The place to start might be Pattern+Grid World. Far from Ellison’s best work, it might just be his most instructive. As a body of music it demands your attention. (And his albums do seem to suggest literal bodies, being affected and corrupted and disfigured; there’s something weirdly biological about the way the music grows, suffers, screams, leaves scars.) But not in the way required of by an overtly complex or difficult work of art —in other words, not in the slow, “reflective” sense. Rather, like the accelerated technological rhythms that are spawning so many nervous and defective human beings, this is obsessive, exhaustive, insatiable, and attention-seeking music. It’s disarming, abrupt, forcible, and likely contagious. Each piece is congested with these paroxysmal microscopic synth/bass arrangements that are as unfulfilling as they are asphyxiating—as they are entirely infectious and addictive. It’s nearly impossible to withdraw, to break out, to relax. On “Time Vampires,” there’s a queasy influx of musical ideas, all clashing and colliding and mutating, all leading nowhere in particular. This is music at war with itself, struggling for an equilibrium that never quite materializes. It’s music at war with you, like malignant cells metastasising in living tissue.
Ellison is obsessed with these compulsive and demanding frequencies. And what’s profound is that their composition is for the most part wholly digestible, familiar even. It’s as if, in a deeply damaged way, something embedded in their design appeals to us on a subconscious plane, wherein the mundane and the everyday becomes alienating, estranging, and yet wholly intoxicating. Fragmentation is our new reality. You’re not in control of yourself; we’re living one prolonged out-of-body experience. We just don’t notice. The point is that the true irregularity of everything heard and sensed on Pattern+Grid World and elsewhere in Ellison’s music is disguised, structurally, by a kind of flat functionality, the vague impression of a purpose, motivated by the promise of a satisfactory or more wholesome ending, as conventional melodies try to beat back the intensive din of static interference. Of course, instead, Pattern+Grid World just seems to recycle itself infinitely, frustratingly, nightmarishly, like the record carries on reverberating spasmodically even after you’ve finished with it. It’s as if the only truly realistic outcome, glimpsed on the track “Kill Your Co-Workers,” once the machines give up (or not, for that matter), is some form of mutual eschatological destruction.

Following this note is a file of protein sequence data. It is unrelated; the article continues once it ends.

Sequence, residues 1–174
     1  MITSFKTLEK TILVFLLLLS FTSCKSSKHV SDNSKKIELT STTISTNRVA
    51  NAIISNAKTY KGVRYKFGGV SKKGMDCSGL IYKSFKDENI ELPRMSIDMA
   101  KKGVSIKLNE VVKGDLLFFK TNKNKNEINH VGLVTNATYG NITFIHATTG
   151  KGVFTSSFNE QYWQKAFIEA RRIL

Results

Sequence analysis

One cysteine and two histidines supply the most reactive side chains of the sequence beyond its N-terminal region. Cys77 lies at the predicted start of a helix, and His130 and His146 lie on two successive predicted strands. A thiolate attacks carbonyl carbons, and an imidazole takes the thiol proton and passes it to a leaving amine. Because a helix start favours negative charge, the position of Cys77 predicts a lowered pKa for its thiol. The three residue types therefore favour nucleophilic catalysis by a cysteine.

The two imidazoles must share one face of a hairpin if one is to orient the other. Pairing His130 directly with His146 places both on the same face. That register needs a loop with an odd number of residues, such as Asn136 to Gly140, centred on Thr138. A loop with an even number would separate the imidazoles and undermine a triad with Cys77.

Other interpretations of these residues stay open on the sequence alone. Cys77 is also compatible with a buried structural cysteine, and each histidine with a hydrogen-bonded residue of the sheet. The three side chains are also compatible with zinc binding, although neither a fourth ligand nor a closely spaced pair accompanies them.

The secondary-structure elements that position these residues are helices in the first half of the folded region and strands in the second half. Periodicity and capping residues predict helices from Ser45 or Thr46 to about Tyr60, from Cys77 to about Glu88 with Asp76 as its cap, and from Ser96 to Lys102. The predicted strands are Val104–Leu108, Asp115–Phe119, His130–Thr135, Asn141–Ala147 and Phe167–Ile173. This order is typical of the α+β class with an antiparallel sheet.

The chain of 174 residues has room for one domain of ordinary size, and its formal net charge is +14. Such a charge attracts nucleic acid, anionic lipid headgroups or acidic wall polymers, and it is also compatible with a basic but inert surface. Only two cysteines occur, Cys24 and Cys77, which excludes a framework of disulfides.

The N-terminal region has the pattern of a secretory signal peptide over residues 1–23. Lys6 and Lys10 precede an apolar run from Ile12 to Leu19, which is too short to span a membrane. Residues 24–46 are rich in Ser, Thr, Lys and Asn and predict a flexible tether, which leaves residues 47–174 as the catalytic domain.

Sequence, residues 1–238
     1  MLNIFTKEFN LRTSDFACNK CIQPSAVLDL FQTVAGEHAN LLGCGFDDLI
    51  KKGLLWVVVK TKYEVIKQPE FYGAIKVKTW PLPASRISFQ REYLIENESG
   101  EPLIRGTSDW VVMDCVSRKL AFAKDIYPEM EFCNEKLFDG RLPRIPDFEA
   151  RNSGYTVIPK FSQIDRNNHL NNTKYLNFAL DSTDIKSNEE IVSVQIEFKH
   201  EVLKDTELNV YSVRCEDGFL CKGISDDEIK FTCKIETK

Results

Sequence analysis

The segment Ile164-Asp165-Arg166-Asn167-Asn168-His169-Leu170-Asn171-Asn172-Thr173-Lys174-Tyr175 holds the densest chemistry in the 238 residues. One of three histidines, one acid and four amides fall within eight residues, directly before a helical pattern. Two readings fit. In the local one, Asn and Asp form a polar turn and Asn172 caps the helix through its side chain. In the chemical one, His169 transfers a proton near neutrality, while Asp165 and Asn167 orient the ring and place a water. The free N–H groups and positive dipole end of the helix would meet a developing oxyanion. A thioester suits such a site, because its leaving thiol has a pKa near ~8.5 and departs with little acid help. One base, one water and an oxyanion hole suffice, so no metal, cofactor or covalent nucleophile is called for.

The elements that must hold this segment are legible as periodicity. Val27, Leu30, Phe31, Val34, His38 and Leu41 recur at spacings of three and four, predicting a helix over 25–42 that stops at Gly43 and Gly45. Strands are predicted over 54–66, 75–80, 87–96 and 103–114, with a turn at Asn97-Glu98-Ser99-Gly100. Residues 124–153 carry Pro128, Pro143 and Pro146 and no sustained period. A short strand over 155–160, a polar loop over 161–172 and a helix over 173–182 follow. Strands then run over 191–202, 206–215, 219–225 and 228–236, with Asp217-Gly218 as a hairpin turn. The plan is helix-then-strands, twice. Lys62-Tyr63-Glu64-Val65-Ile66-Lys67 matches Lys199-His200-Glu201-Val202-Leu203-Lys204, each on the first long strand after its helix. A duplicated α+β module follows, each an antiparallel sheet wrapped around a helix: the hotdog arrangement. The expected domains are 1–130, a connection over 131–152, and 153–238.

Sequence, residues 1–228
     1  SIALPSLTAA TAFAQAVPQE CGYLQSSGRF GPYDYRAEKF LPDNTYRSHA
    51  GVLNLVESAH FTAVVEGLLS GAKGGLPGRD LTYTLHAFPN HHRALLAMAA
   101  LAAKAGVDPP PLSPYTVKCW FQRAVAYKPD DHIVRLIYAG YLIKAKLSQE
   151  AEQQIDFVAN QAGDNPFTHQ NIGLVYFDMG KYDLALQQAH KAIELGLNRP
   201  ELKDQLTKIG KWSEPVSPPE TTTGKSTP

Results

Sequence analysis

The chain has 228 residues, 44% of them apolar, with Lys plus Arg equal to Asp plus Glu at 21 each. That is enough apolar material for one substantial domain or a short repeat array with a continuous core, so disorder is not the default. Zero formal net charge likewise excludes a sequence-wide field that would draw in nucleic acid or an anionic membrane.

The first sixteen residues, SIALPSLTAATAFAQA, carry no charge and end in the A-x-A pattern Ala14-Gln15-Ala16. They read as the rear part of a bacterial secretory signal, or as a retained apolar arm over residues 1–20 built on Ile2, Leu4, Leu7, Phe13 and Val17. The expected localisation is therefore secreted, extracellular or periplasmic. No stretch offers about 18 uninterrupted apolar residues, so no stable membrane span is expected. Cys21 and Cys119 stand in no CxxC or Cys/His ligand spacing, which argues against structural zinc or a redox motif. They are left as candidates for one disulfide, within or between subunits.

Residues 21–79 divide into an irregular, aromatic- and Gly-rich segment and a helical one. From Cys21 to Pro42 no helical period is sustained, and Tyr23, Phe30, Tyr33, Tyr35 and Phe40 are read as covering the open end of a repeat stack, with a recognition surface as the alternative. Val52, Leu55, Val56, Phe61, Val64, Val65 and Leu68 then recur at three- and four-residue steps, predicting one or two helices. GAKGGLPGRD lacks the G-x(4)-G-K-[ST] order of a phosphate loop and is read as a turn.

Go beyond Pattern+Grid World and like a musical extension of what Basquiat achieved in painting, Ellison’s music is dangerously overloaded with ideas: little bits of dialogue, hovering skeletal images, cutups of machinery and architecture, shreds of information, a constant feverish feed of alerts and notifications. I don’t think Ellison’s hiding anything amongst this chaos. There are no cryptic connotations. Rather, it feels like a sincere attempt to comprehend and scrutinize, and in a sense recreate, the mad flow of empty signs that makes up the bulk of our technological currency, our communications landscape—this strange empty automatic language. Perhaps best realized on his albums Los Angeles and Cosmogramma, this insane flow assaults and shocks and redirects the composition of the music like an implacable torrent of pop-ups, spam email, and frivolous Internet click-bait, so that at times the structure is all pulling apart and splintering and buckling and collapsing under the pressure (see, “Pickled” or “Electric Candyman,” for example). Even the track’s names appear as if re-assembled at random by an autonomous search engine, in a failed attempt to realistically reproduce human discourse. “German Haircut,” “Beginners Falafel,” “Pet Monster Shotglass,” “Parisian Goldfish,” etc. Or there are those that sound as if intercepted and re-appropriated at random from a swamp of scrambled, half-finished and disorganized interactive exchanges: “All the Secrets,” “Mmmhmm,” “Only if You Wanna,” “me Yesterday/Corded.”